There is expectation with grief. People allow for a certain amount of sorrow and weeping. But when grief struck me like a freight train with the stillbirth of my son, I was disconcerted to find that along with sadness and emptiness and tears, there was a shocking amount of anger. Not at first, when it was an effort to eat or sleep or perform the basic functions of life, but after some time had passed and the feeling of having lost any sense of control I had ever had snuck up on me like a feral animal. It surprised and scared me. When you are unfamiliar with grief and you picture it, it doesn’t look like this red-hot fury and intense rage.

It made those around me uncomfortable. It made me uncomfortable. But it demanded my attention, and it was almost a relief to feel something outside of crushing sadness. I didn’t always handle it in the best way possible, but I look back on the person I was then, and I understand. Every facet of her life had been broken by this pain. At first, she was shattered. But then she got mad.

There is nothing fair about the death of a child. If there is anything deserving of rage, it is this injustice. And so I raged. At first, it was unproductive and damaging. But there is something about anger that is often unacknowledged. Anger can give you strength.

Anger is energy. It gets crap done. My anger forced me to deal with facts. My son was dead. That was not going to change. It is still a fact, seven years later. My anger forced me to face that. I could have misdirected it. In fact, I know I did at least a few times. It was damaging and difficult and a part of the process. As damaging as it could be to others, I did the most damage to myself. I directed most of my rage inward, blaming myself for both the loss of my son and the chaos it brought into the life of my family. I didn’t always deal with it in the most healthful ways. But it made me remember that I was alive.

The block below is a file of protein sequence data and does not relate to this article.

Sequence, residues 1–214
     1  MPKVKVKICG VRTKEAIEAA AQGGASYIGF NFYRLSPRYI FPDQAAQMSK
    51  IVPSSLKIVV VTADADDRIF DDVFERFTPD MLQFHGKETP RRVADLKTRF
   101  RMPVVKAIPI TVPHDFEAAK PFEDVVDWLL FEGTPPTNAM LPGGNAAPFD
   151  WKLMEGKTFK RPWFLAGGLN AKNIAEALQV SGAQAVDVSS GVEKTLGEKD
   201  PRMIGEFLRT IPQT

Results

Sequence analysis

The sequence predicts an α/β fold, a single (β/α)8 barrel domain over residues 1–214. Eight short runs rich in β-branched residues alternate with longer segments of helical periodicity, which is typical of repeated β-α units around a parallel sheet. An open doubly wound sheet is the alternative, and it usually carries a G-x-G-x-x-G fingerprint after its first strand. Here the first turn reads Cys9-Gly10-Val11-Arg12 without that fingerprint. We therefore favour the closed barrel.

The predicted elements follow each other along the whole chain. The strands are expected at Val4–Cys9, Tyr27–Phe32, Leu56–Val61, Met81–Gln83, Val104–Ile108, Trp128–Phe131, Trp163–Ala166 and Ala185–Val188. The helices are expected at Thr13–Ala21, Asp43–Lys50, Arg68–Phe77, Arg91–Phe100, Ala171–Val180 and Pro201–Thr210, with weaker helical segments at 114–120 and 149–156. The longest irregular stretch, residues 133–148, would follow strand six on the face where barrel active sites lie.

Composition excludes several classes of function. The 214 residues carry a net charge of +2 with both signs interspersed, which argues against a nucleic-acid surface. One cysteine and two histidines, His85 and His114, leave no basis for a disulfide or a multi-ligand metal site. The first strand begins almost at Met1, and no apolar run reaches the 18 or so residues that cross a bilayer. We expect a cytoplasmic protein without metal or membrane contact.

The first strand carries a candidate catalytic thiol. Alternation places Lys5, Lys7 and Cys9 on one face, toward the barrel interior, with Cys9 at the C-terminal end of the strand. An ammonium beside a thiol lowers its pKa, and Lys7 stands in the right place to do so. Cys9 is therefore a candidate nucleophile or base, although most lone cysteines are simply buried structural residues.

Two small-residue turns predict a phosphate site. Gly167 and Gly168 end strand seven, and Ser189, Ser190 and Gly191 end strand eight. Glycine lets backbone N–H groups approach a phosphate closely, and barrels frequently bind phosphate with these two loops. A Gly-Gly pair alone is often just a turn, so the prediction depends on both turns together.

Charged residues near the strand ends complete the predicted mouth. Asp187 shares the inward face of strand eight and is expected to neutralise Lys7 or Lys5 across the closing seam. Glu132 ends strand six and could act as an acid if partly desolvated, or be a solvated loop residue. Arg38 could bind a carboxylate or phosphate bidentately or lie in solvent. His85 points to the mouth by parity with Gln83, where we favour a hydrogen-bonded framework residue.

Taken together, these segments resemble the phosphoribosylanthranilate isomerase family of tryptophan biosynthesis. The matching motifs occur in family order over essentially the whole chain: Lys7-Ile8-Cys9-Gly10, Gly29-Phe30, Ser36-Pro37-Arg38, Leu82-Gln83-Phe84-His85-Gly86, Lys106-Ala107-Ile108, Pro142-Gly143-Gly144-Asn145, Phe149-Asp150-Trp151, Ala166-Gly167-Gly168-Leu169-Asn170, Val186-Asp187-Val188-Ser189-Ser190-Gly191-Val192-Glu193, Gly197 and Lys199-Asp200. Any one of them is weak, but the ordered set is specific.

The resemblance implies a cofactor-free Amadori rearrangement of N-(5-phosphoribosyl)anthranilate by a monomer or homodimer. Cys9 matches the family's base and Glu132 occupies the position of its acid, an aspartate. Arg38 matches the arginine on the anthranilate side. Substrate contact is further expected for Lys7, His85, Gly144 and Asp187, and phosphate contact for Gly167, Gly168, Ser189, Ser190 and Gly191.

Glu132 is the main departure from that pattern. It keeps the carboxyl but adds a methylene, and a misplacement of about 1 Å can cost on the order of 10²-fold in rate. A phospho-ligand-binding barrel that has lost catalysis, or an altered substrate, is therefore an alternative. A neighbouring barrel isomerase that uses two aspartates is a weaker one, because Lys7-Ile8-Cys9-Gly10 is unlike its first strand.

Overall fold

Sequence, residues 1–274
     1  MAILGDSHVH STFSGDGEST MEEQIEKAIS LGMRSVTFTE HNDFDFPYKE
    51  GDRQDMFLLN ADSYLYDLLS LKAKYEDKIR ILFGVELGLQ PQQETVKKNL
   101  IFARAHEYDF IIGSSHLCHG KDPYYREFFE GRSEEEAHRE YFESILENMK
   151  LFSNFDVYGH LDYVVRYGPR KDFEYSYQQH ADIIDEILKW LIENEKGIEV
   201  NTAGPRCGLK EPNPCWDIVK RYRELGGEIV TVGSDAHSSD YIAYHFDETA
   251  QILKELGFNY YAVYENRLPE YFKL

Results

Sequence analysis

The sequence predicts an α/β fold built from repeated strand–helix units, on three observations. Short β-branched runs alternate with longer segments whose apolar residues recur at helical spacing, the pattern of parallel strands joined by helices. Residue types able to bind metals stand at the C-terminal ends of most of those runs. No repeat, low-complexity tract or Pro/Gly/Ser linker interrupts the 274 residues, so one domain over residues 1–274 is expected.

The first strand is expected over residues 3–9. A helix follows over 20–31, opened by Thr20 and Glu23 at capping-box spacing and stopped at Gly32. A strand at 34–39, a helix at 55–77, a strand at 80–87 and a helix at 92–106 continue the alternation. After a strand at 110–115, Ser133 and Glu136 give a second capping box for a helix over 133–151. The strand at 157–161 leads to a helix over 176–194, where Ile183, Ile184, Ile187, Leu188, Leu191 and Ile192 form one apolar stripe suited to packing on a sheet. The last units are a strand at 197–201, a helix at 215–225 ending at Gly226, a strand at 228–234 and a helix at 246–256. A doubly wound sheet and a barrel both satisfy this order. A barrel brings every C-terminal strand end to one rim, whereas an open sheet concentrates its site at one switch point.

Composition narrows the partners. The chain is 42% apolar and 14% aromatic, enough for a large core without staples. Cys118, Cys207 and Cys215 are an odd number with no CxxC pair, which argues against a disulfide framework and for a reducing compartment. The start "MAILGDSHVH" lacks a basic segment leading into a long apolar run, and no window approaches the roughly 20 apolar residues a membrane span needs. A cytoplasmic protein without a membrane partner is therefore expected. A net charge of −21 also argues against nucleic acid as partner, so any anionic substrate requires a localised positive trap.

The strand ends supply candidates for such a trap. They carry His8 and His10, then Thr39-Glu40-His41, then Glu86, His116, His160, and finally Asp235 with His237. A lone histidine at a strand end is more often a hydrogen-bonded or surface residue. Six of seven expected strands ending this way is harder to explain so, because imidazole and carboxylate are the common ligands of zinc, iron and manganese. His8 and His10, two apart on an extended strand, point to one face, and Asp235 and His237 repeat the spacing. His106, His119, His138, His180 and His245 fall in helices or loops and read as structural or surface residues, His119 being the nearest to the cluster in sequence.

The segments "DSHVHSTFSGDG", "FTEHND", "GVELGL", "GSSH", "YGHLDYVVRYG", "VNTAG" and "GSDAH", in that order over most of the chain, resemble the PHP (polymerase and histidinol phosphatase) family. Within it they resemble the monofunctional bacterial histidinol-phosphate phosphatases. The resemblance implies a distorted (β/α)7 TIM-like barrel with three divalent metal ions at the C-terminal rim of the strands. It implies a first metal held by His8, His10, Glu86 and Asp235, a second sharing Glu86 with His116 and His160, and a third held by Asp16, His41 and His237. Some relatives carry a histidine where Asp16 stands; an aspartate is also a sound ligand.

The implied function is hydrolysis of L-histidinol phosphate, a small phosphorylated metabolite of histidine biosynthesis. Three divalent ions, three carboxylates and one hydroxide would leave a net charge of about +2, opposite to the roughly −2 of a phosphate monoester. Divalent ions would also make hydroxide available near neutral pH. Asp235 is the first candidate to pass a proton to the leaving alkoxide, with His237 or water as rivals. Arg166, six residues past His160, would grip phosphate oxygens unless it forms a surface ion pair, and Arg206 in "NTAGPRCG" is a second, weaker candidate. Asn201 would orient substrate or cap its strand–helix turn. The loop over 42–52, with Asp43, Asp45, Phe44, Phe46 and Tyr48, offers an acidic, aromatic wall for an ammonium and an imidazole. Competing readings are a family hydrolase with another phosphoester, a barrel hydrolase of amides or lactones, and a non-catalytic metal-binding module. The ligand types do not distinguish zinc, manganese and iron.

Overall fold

Suppression was not an option. Action was. I began to channel the anger into research and activism and service. I released it in healthier ways, screaming when I was alone in my car and punching pillows until my fists ached. I made apologies for the words I had flashed in grief to my husband.

I write this to let any of you who have anger as a part of your grief process know that you are not alone. Your anger is justified. There is an unattractive picture of anger as not acceptable. It brings guilt on top of everything else because your grief does not look like what is seen in movies.  I say embrace your anger. It pulled me from inertia and into focus. It presented itself loudly and suddenly and it would not be ignored. You will be criticized for being angry, but all you have to do with it is understand it. Others may not, and that is not your problem. Safely express it. You are not the only one, and it, like all the other stages of grief, will evolve. You are not horrible; you are suffering. Your anger does not have to be destructive; it can be constructive. It is guarding you until you are ready, and you will be ready someday. It is a different manifestation of your love and grief, and the only way out is through.